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Sochi 2014 opening ceremony: A fun review

The opening ceremony finally took place and kicked off the 2014 Sochi Winter Olympics. Let’s review all the good parts and some of the not-so-good parts.

Olympic Opening Ceremony
Photo credit: Pool/Getty Images Sport/Getty Images

So the 2014 Sochi Winter Olympics officially kicked off with a bright and powerful opening ceremony that pretty much told the world that Russia is now the bee’s knees.

The proceedings went mostly according to plan, with a linear order of events. But instead of boring you with a summary of the ceremony, let’s just dive right in there and dissect it, shall we?

What’s the story?

So the story was told through the eyes of a 9-year-old girl named Lyubov, who took us on a magical journey through Russian history. She floated around with a kite or a balloon, lending her angelic voice to several songs. It was all very innocent and adorable.

The ceremony took us from the country’s origins through its impressive literary history, through communism and up to the present day. It was a very clever concept and an amazing way to showcase Russian culture.


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The visuals

The visuals were stunning. Stunning! Did we mention stunning? Everything was very well designed and flowed like a dream. That said, we can definitely see why the Sochi Olympics are considered to be the most expensive ever — and also why they are so grossly over budget.

The visuals and the costumes were gorgeous, but the ceremony was incredibly over the top, almost unnecessarily so. The organizers were obviously very excited to display Russian heritage (last time the Olympics were in Russia was in 1980), but we’re sure they could have saved a few billion by omitting a few redundant details. Like the three giant robotic mascots of the Sochi Olympics… What happened to just forcing people to dress up in uncomfortable costumes?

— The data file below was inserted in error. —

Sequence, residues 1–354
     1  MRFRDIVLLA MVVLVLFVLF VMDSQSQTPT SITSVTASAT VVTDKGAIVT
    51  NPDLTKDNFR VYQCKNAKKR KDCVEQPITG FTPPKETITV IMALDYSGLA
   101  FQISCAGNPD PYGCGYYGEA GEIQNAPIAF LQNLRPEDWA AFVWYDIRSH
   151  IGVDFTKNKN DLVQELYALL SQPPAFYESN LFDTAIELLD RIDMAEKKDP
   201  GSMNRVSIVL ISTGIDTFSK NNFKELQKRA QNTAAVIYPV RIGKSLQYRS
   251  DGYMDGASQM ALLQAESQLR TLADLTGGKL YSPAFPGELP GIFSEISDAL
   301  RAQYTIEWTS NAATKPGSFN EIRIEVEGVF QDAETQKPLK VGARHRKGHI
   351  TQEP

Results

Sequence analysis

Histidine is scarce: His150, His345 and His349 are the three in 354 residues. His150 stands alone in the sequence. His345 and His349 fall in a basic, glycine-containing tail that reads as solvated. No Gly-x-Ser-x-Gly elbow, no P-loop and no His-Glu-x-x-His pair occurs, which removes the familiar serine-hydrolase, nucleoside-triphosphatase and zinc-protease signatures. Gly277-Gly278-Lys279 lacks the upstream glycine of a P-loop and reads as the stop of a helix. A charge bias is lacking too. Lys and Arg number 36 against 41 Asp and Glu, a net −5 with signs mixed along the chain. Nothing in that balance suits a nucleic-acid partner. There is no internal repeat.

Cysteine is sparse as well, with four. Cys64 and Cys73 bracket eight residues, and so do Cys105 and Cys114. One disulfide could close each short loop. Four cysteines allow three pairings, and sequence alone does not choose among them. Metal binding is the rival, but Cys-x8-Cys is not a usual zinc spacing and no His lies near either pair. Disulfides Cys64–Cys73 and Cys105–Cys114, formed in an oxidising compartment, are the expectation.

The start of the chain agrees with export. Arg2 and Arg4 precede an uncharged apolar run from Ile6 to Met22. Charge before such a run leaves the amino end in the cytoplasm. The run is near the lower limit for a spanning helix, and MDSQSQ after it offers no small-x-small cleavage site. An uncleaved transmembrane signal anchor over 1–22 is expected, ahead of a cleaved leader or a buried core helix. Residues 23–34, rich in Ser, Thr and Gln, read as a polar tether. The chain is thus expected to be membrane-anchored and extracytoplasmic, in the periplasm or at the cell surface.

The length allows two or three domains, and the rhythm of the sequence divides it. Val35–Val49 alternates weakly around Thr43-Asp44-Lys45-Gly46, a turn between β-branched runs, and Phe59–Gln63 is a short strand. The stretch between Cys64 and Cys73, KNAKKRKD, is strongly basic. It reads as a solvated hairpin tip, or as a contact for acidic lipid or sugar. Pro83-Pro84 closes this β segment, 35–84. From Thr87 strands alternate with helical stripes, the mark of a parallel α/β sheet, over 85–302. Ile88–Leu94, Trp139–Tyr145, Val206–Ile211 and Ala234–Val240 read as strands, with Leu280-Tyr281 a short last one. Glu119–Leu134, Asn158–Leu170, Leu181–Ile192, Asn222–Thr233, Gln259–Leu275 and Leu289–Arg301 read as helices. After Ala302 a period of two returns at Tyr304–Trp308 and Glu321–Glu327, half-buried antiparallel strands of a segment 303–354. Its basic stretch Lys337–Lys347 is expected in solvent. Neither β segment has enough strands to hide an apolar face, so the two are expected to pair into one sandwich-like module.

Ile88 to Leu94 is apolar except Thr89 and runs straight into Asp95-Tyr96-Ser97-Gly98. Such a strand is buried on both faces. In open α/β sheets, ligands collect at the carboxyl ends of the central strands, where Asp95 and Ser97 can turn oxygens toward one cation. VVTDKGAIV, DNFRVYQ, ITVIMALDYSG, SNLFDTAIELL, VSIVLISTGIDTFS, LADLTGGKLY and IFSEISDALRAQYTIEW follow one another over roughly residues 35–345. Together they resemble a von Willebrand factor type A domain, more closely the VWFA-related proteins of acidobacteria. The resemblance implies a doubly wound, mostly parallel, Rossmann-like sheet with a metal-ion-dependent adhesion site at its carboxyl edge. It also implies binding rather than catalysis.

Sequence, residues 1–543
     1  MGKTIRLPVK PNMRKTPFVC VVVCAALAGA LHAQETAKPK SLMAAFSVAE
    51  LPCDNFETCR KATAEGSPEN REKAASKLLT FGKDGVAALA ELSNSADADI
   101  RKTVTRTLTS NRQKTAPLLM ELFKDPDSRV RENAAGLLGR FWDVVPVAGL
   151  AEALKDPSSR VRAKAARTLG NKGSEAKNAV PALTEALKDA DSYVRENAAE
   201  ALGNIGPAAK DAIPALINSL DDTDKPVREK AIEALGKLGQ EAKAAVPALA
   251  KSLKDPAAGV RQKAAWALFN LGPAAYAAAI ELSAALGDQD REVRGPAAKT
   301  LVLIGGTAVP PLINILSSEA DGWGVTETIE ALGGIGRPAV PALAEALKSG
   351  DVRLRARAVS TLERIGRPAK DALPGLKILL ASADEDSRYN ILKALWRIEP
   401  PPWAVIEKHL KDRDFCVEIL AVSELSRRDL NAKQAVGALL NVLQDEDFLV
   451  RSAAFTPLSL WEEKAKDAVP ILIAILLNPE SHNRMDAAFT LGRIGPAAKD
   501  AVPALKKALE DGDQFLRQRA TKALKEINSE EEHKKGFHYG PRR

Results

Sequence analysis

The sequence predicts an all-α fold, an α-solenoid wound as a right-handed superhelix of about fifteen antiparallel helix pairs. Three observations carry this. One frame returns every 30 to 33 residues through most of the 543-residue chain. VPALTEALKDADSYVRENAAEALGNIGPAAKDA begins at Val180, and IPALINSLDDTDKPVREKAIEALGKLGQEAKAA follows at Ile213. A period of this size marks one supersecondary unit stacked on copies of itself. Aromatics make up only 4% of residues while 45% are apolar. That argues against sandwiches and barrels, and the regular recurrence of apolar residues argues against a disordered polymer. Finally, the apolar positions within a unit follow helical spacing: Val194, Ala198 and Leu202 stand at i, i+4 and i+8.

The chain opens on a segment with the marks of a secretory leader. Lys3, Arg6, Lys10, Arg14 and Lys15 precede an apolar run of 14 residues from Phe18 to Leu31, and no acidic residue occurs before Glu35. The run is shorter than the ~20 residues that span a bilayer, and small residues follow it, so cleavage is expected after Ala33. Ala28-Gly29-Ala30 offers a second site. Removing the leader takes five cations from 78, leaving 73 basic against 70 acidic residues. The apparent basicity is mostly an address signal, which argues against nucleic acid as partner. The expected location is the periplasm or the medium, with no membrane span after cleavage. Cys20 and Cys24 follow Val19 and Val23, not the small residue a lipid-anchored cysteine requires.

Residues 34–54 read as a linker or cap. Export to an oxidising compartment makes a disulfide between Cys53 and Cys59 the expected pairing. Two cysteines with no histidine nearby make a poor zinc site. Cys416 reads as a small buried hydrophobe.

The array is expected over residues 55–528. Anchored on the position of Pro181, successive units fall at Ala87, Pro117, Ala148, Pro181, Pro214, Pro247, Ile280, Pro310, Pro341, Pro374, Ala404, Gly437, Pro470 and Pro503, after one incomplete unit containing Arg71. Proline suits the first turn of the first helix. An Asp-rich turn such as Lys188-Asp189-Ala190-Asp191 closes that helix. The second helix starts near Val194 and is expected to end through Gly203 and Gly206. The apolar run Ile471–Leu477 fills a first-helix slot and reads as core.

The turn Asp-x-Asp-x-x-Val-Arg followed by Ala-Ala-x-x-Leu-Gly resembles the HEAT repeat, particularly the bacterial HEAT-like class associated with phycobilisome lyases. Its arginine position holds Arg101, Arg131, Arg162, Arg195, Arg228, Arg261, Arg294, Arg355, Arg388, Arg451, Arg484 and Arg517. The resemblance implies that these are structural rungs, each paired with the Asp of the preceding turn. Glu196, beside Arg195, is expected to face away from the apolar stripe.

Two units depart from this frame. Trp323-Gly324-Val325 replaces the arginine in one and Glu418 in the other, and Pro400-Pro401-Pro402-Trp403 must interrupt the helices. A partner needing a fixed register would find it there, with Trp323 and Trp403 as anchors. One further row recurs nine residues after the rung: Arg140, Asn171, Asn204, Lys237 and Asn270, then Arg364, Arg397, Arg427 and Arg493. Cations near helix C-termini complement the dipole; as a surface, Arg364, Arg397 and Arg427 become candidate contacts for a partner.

The teams

The excitement of the teams was electric. We’d like to give a special shout-out to the Canadian team, because they are the best. And we’re obviously being completely objective about it. Team USA also looked great, like 200 models from a Ralph Lauren catalogue.

But the team that stood out the most is, by far, Germany. Its rainbow uniforms are glorious, whether or not they’re sending a political message about LGBT rights.

Friends clapping

Dance of the jellyfish

This needed a special heading. This segment of the ceremony was meant to be a dance of the doves (if the translation serves us right), with a ballerina fluttering about, waking up the other birds. Except all the performers were wearing long, string-like lights, which made them look like jellyfish. So we’ve renamed the segment accordingly. It was still beautiful, though!



Now, on to the evil part — the issues. The biggest one by far was the Olympic rings malfunction. The gorgeous snowflakes were supposed to descend from the skies and bloom into the Olympic rings, but one of them was a little shy and remained a snowflake. Hence, we were left with only four rings. No biggie, though.

Another problem we had was with the speech made by the International Olympic Committee president, Thomas Bach… It was the longest speech we have ever heard, with too much repetition. We have so much respect for Mr. Bach, but come on!


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Olympic flame of eternity

It took ages to get to the lighting of the Olympic flame. Ages. Before the moment finally arrived, there was a redundant five-minute light show (which again explains why these Olympics are over budget). But then we saw her… Maria Sharapova emerging from the fog with the Olympic torch, like a holy spirit from the heavens.

But it was all in vain, because Sharapova passed the torch to Yelena Isinbayeva, who then passed it to Aleksandr Karelin, who then passed it to Vladimir Putin’s girlfriend, Alina Kabaeva, who then finally passed it to Irina Rodnina and Vladislav Tretiak. Then this iconic duo of athletes lit the flame. It took half a lifetime.


In conclusion

The ceremony was beautiful and went relatively smooth. We think it might have gone a little overboard, and some segments were just unnecessary. But there is definitely no shortage of creativity in Russia, if this ceremony is any indication.

Russia wants you to know that it’s awesome, culturally loaded and full of possibilities. It arose from the ashes of communism like a beautiful phoenix ready to spread its wings and soar (human rights not included). At least that’s what we got from the ceremony.

Thumbs up

What did you think of it?

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